Agroforestry is practised both in highly mechanised commercial enterprises and on labour-intensive smallholder farms. Receptiveness to agroforestry may be greater amongst smallholder farms. Eighty percent of the farmland in sub-Saharan Africa and Asia is managed by smallholders, with farms of less than 10 hectares. Out of the 2.5 billion people in poor countries living directly from the food and agriculture sector, 1.5 billion people live in smallholder households. Smallholders provide up to 80 percent of the food supply in Asia and sub-Saharan Africa. Unlike widespread perceptions, sustainable smallholdings can be very productive, and many of them practise agroforestry[4].

But, how can millions of smallholder farmers living in remote, difficult to reach locations, and often with limited access to communications, be reached, let alone convinced to scale up and out the adoption of agroforestry? Fortunately there is a modern precedent for rapid, low cost adoption of a form of agroforestry called Farmer Managed Natural Regeneration (FMNR). From the mid-1980s, over a 20-year period, the average tree density in the agricultural zone of the Niger Republic increased across five million hectares, from around five trees per hectare to over 40 trees per hectare. In 2016, the US Geological survey conducted a study across seven West African countries (Senegal, Mali, Ghana, Burkina Faso, Niger, Chad, Nigeria) and found more than 15 million hectares of FMNR, six million of which are in the Niger Republic.

Dennis Garrity, the United Nations Drylands Ambassador, stated that the “mass scaling-up of Farmer Managed Natural Regeneration is far more cost effective than conventional practices”.

A recent study in Malawi uncovered over one million hectares of FMNR with no apparent links to any government or NGO initiative. The main “inputs” that helped stimulate adoption were awareness of the technique, and peer acceptance and promotion. And more recently, radio promotion and in some cases creation of a favourable policy environment, which encourages private landholders to manage trees on their land. The significance of this is that this reforestation phenomena is largely a bottom-up movement. By studying the drivers of this movement, we have an opportunity to greatly accelerate the pace of adoption.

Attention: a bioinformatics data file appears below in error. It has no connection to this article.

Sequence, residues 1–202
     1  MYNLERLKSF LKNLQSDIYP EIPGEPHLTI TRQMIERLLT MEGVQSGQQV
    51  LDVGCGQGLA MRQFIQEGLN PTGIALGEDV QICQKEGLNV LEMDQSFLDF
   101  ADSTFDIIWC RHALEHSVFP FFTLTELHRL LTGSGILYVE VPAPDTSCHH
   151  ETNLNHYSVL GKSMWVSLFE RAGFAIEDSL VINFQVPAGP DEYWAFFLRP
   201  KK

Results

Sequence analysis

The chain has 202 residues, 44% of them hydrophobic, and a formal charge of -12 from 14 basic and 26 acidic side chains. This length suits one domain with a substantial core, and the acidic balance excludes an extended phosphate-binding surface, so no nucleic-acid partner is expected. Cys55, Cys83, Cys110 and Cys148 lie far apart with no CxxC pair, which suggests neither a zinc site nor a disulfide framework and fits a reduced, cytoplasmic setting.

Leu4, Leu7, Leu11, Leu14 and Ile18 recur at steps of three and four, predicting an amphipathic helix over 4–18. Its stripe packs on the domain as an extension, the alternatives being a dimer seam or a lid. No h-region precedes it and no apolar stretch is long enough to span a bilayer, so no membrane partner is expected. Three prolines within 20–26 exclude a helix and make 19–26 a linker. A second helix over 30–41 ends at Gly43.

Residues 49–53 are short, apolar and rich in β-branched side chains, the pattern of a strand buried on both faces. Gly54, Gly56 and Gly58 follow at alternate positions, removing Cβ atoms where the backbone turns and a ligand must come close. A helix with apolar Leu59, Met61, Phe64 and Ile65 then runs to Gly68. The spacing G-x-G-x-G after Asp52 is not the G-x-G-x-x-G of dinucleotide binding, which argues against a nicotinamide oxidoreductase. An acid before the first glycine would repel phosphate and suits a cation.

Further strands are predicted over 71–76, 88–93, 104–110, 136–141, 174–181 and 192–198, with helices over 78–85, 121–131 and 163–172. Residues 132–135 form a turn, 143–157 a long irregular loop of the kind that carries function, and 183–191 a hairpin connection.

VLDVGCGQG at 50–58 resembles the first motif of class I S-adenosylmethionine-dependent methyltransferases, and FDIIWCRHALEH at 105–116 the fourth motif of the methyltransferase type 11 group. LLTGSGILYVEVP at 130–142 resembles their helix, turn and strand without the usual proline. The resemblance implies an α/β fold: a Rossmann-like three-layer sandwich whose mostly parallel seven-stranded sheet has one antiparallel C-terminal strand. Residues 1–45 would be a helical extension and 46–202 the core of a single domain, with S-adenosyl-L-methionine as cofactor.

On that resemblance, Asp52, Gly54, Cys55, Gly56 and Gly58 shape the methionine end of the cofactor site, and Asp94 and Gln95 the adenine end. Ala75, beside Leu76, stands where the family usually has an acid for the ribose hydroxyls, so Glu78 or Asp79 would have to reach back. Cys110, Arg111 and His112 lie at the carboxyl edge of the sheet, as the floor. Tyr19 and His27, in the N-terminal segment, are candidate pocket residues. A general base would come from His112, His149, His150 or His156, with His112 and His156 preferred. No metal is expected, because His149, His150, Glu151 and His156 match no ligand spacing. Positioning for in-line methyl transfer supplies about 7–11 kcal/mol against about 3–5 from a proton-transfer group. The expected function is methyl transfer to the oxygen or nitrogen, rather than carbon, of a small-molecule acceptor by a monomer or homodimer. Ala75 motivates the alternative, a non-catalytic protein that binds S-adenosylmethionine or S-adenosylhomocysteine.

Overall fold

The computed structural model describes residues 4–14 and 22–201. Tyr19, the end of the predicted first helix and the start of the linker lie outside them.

Such developments have largely gone unnoticed by climate scientists and policymakers, and yet, their contribution to climate change mitigation is significant. On farmland across the Sahel with relatively low tree densities of 40 trees/hectare, one tonne of CO2/hectare/year is being sequestered. However, in wetter areas, where FMNR has been applied in community forest restoration projects, as much as 15 tonnes of CO2/hectare/year are being sequestered.

World Vision is committed to addressing climate change. It has already introduced FMNR into development programming in 25 countries. World Vision is a founding member of the Global Evergreening Alliance, an international NGO which facilitates the development and implementation of massive-scale environmental restoration and sustainable agricultural intensification projects in developing countries around the world. World Vision International CEO Andrew Morley recently wrote that, “World Vision is committed to protecting the world and environment that God entrusted to us. Our FMNR strategy is an amazing way of restoring land and restoring lives.” 

Now is the time to capitalize on lessons learnt in scaling up agroforestry and to mount a massive campaign to restore degraded landscapes.